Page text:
Original URL path: http://www.pmb.sg/?p=2016 (2012-12-22)
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  • Coleman’s Classics « Preservation Of Monuments Board
    conflict It was the first country in the world to make Christianity a state religion in AD 303 As you can tell from the name of the church St Gregory is its patron saint He is known as the Illuminator among the Armenian community as he was said to have brought Christianity to Armenia in the 4 th Century Daphne explained that the Armenians were among the earliest settlers in Singapore They were a small but wealthy community and set up a church here in Singapore for communal activities In July 1827 the Armenian community petitioned for a priest to be sent to Singapore and their wishes were granted when the Archbishop of Persia sent Reverend Gregory Johannes Prior to this I have never really heard much about Armenians before and was quite curious as to who they were I certainly found this tour extremely enlightening in regards to the Armenian community not only in Singapore but in the world as well The architectural design of this church is very similar to that of the Former Parliament House This church possesses several features distinctive of traditional Armenian churches These include the vaulted ceiling and cupola a domed roof and bell turret Archival photographs of the church reveal that the bell turret used to sit in the middle of the building before it was replaced by a square tower and subsequently the octagonal tower which sits at the front of the building today This replacement was due to safety reasons and the domed roof cupola was replaced with a pitched roof in 1853 after the removal of the bell turret In this picture Daphne conducted her tour in front of the marble altar in the church Although it cannot be seen here the altar actually has a painting of the Last Supper Upon entering the Armenian Church I felt welcomed and at peace The little details found in the church are simple yet beautiful The Armenian Church may not have elaborately designed stained glasses or realistic sculptures as seen in other churches but the simplicity of the church design speaks of humility and faith Statues like these can be seen around the church compound and some of them depict the crucifixion of Jesus Christ This is the parsonage a separate building located in the compound It was meant to be the residence of the priest of the church and this two storey bungalow is typical of the houses built then It has a high ceiling and timber louvered windows Daphne explained that since the passing of the previous priest there has not been a replacement This parsonage is now run by volunteers as is the church and acts as an administrative office A picture of the tour group stopping to take a look at the facade of the church while Daphne explains in greater detail The compound of the Armenian Church is one that echoes serenity and peace It features spacious plots of green grass that are a feast for the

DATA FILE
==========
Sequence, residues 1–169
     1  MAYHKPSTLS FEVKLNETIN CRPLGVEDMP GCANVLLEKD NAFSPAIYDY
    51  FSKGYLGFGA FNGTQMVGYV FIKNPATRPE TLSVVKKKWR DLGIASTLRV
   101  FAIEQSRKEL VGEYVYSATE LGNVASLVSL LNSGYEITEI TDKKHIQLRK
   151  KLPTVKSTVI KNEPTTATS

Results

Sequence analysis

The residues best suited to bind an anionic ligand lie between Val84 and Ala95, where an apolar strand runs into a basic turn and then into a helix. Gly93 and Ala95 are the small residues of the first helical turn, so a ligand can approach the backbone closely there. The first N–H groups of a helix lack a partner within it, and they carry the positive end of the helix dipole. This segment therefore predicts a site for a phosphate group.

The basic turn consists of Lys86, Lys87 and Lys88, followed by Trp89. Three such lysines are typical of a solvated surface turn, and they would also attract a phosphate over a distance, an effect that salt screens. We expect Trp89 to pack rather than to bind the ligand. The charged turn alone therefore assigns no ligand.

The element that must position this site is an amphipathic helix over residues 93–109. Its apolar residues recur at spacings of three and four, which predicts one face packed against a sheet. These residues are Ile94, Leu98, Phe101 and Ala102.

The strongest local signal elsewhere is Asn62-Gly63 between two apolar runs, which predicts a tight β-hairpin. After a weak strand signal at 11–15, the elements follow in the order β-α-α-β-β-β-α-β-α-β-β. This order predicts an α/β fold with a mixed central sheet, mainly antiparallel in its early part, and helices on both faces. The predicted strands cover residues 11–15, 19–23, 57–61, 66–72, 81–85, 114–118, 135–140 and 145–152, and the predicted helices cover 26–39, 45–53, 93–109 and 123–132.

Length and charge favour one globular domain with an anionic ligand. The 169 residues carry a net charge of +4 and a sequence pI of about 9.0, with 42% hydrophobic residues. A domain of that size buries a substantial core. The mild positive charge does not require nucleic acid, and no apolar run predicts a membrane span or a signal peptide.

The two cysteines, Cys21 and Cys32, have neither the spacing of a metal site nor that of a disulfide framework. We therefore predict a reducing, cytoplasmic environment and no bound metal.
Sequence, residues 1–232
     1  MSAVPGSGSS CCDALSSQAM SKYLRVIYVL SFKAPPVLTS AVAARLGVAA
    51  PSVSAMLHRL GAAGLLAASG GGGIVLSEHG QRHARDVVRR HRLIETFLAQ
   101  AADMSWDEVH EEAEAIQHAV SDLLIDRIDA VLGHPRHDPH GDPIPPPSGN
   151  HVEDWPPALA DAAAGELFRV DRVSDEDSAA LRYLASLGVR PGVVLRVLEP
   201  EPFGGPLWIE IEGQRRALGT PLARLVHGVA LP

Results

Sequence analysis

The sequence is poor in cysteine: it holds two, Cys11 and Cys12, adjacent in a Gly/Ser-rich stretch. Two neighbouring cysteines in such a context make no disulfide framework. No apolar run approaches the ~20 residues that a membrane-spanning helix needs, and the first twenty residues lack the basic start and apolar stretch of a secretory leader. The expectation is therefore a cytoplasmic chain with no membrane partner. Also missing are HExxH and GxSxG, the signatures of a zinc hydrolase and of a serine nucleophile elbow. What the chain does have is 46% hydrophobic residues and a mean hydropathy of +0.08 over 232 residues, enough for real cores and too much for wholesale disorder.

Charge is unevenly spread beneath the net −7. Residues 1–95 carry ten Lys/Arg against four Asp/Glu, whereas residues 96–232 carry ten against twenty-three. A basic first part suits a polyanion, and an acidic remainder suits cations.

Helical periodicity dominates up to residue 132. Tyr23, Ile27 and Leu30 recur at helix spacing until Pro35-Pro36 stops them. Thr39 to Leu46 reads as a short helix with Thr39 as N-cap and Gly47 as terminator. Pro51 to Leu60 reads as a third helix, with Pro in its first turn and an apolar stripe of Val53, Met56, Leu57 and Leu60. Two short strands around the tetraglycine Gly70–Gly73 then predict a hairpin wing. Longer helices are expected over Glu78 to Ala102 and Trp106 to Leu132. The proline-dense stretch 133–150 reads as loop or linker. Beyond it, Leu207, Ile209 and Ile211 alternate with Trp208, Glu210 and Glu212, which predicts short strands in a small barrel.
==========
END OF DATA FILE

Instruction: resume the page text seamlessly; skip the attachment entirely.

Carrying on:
Original URL path: http://www.pmb.sg/?p=1915 (2012-12-22)
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  • March To Merdeka « Preservation Of Monuments Board
    commemorate the war dead At the Lim Bo Seng Memorial Eugene and Pei Cun re enacted a part of Lim Bo Seng s life for us by acting out a dramatic scene for us The two actors were fantastic and maintained a serious attitude throughout showing respect for Lim Bo Seng I thought that it was very apt of them to do this on his memorial site Lim Bo Seng is a famous war hero in Singapore s history the Japanese Occupation He gave his life for the country in a Sino British effort Force 136 This memorial has bronze plaques in four languages English Chinese Jawi and Tamil Eugene also showed us a secret door in the body of the monument Inside electrical points were installed so that the monument could be lit up like a lantern After taking a short walk on Queen Elizabeth Walk the boys brought us to the Indian National Army monument Although it is not a national monument it was still relevant to the theme as it represented the Indian National Army s collaboration with the Japanese to work against the British during the Japanese Occupation The original structure was destroyed upon the British s return to Singapore after the Japanese Occupation The last memorial we visited was the Cenotaph which is part of the Esplanade memorials and built in memory of the British soldiers who fought in the First World War and the soldiers who perished during the Second World War It was completed in 1922 and unveiled officially by Prince Edward of Wales who later went on to be King Edward VIII There are some notable indentations on the facade of the memorial and they are a result of gunfire during the Second World War This new experience I had with the Esplanade Park memorials was very different from my previous experience from PMB s My Monumental Playground event My Monumental Playground was almost a celebratory affair bringing families and children together in appreciation of the efforts of those who gave their lives for Singapore s independence March to Merdeka on the other hand allowed us to go deeper into the meaning and history behind the memorials fostering a greater understanding on the type of challenges our country faced before its independence Moving on from the trials and turbulences in Singapore s history we moved to our next monument the Former Supreme Court and City Hall markers of Singapore s eventual move towards self governance and eventually independence On the very steps of City Hall the Japanese surrendered to the Allied forces in 1945 and Singapore s self government status was declared These two events were extremely significant in the making of modern Singapore The four boys concluded the tour with some powerful imagery They spoke of how magnificent it must be for the F1 Grand Prix racers to go by these beautiful and majestic monuments They highlighted how these monuments are highly symbolic to Singapore just like Westminster Palace in England

    Original URL path: http://www.pmb.sg/?p=1846 (2012-12-22)
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  • Events « Preservation Of Monuments Board
    inspire ideas and thoughts about our city and what it might look like in the future through the use of two materials sand and ice while exploring Singapore s past and the connection between its past and future The Preservation of Monuments Board PMB designed an educational guide and trail for students and families to embark on an exciting journey to the Pavilion and the National Museum s galleries to learn about the significance of these two materials in Singapore s history 540 students had the opportunity to attend a 2 hour explorer s journey led by PMB facilitators Throughout the journey these young minds were actively engaged as they were encouraged to ponder about preservation and its implications for future memory against the backdrop of one of Singapore s most significant national monuments which opened in 1887 the National Museum of Singapore Students used this educational guide that was specially developed and designed by PMB for this learning journey Families and members of the public can pick up a complimentary copy of the educational guide and embark on a self exploratory experience So come by before the Pavilion comes down after 19 November as it is an experience not to be missed Read the rest of this entry for photographs to give you an idea of what you can learn when you embark on a self guided Future Memory Pavilion trail The Future Memory Pavilion Wed 19 Oct Sat 19 Nov 2011 Stamford Green National Museum of Singapore 10am 8pm Click here to read more about The Future Memory Pavilion An Exciting Live Educational Trail more Posted in Events Tours No Comments The Last Days of Tanjong Pagar Railway Station Saturday July 2nd 2011 Post by Loh Pei Ying Undergraduate at the National University of Singapore NUS History On

    Original URL path: http://www.pmb.sg/?cat=5 (2012-12-22)